A bill that would allow Colorado cities and counties to offer a place for people to use drugs under the supervision of a health professional faced its first committee test Wednesday.
House Bill 23-1202 allows localities to set up a site where people can use previously obtained controlled substance in a monitored setting.
Those sites are commonly referred to as safe injection sites, but advocates prefer the term "overdose prevention centers."
“It does not supply drugs by any means. And it also doesn't force any local government in a city to establish one of these sites in their communities,” said Rep. Jenny Willford, D-Northglenn.
Willford insists that these centers will help prevent overdoses so people can get the help they need, saying the state cannot adequately address the issue with a criminal justice solution alone.
Colorado has seen a significant increase in overdose deaths in recent years. Data from the Colorado Department of Public Health and Environment shows 1,477 Coloradoans died from overdoses in 2020, a 38% increase from the previous year.
“We can't just wish people well and hope that they get well," Willford said. "We have to make sure that they have access to the treatment and the support that they need to get well."
Along with having medical staff on hand, the centers would provide clean needles, fentanyl testing strips for the drugs and harm reduction services, such as counseling and referrals to substance abuse disorder treatment.
Lisa Rayville knows the devastating effects of the overdose epidemic firsthand. She is the executive director of the Harm Reduction Action Center in Denver, which is the state’s largest syringe access program.
Rayville believes one of the country's biggest problems is that the drug supply is very unpredictable. People are unknowingly taking drugs that have been mixed with things like fentanyl, which is causing more accidental overdoses.
“People I know, love and serve are dying of preventable overdoses, and it doesn't have to be like this. That's why we're here fighting," Rayville said. "If it was your kid, you'd want us doing something about it."
Others argue these centers are not the solution. Opponents of the idea say it will lower property values in areas surrounding these centers, increase crime and enable drug use and addiction.
Commerce City Deputy Police Chief Greg Sadar testified against the bill at Wednesday’s committee hearing on behalf of the Colorado Association of Chiefs of Police. He told Denver7 that while the association wants to save lives, it cannot support a center that facilitates illegal drug use.
“When we run into a situation where there would be a facility, we're required to ignore the crimes that are going on. It's really difficult for me to get my officers to understand how they would have to ignore their oath,” Sadar said.
Last year, Commerce City one of the worst overdose events in Colorado history, where five people died from overdoses after taking what they thought was cocaine.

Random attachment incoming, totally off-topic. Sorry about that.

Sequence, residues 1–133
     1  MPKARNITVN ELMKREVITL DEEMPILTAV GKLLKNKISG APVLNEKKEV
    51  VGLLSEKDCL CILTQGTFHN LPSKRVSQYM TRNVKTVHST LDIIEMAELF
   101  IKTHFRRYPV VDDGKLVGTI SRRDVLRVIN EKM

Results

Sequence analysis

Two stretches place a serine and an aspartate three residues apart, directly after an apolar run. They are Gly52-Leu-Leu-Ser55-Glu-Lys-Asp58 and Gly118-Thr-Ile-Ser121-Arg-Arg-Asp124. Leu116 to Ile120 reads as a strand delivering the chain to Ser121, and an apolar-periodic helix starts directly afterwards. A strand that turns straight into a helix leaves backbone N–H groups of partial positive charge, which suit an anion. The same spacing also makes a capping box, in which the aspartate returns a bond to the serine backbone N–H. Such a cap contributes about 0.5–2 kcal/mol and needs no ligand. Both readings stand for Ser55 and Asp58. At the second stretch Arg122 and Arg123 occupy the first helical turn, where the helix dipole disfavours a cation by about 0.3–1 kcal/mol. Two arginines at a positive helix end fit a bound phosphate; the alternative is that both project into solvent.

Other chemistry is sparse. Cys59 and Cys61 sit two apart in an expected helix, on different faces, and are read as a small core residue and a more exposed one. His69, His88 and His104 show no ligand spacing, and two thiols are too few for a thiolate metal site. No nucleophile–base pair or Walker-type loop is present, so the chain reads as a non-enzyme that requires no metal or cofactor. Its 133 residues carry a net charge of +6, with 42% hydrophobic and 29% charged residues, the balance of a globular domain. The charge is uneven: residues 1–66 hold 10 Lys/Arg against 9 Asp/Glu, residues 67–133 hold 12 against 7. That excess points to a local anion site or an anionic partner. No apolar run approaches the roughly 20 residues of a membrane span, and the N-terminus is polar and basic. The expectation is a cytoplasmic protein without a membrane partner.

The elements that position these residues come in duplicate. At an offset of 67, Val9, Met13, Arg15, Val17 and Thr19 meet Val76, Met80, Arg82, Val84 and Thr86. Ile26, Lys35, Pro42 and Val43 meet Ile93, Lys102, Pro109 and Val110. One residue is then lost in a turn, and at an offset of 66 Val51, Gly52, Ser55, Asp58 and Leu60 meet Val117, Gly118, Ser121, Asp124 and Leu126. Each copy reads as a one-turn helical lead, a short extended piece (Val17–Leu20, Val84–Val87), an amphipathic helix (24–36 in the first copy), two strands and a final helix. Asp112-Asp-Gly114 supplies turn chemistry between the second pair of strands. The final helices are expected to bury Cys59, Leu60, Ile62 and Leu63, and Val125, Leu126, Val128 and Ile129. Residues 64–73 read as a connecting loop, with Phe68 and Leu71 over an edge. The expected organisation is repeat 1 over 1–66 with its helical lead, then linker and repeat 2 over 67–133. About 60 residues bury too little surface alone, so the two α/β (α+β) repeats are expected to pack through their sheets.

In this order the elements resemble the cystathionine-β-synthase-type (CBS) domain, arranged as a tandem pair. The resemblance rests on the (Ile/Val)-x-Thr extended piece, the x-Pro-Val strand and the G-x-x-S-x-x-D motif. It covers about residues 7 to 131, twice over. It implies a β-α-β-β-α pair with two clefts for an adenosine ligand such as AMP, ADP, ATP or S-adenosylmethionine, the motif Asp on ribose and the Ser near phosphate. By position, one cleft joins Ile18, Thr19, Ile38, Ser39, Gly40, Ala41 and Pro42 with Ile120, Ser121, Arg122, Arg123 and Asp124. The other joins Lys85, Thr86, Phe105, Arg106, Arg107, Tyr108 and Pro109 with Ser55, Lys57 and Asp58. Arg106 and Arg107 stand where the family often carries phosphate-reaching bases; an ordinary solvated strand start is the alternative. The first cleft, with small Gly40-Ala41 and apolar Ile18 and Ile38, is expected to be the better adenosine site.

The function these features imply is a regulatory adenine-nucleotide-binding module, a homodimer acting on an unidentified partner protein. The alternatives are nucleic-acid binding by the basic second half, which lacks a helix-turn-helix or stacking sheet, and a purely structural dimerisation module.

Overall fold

All Commerce City police officers carry Narcan kits in order to reverse an overdose. Sadar says the officers use the nasal spray once a month, on average, while paramedics in the area use the nasal spray much more frequently. Sadar doesn’t believe these centers will help reverse that trend for his officers.
“When we make it easier for people to complete that cycle of abuse, we're not helping them break, disrupt that cycle,” he said.
Former U.S. Attorney for the District of Colorado Jason Dunn also opposes the idea, saying none of the evidence he's seen from communities that have established overdose prevention centers have proven that there is a long-term benefit. He also hasn’t seen any data to support the idea that these centers reduce drug usage or overdose deaths.
Instead, Dunn says these centers will have a negative impact on the neighborhoods.
“What you're going to have is a homeless population congregating around one of these sites, which will attract drug dealers, prostitution and violent crime. It has a serious negative impact on the community around it,” he said.
As the former U.S. attorney, Dunn vowed in 2018 and 2019 to use his civil and criminal powers to shut down any site like this in Colorado after Denver’s city council passed an ordinance in November 2018 that would create a supervised injection site under a two-year pilot program.
However, Denver’s ordinance is contingent on the state passing legislation allowing Colorado cities to create such sites.
“There's nothing in this proposed legislation that says using illegal drugs in that facility is no longer a violation of law, and I think, from a practical standpoint, if a municipality adopts then I assume they're going to tell their police force not to enforce drug laws,” Dunn said. “What you're going to have basically is a crime-free zone where anybody can do any drug of their choice and know that they can go there to do it because law enforcement won't prosecute him for being there.”
Denver7 asked Governor Jared Polis' office if he would support such a bill. A spokesperson issued the following statement, “The Governor is focused on saving Coloradans money, getting people help for substance use disorders, and ensuring that the scourge of fentanyl ends. He would be deeply concerned with any approach that would contribute to more drug use and lawlessness. The Governor was proud to sign legislation last year providing historic funding for research-based harm reduction strategies to be applied across Colorado coupled with more tools to crack down on drug dealers.”
The bill faced hours of committee testimony Wednesday.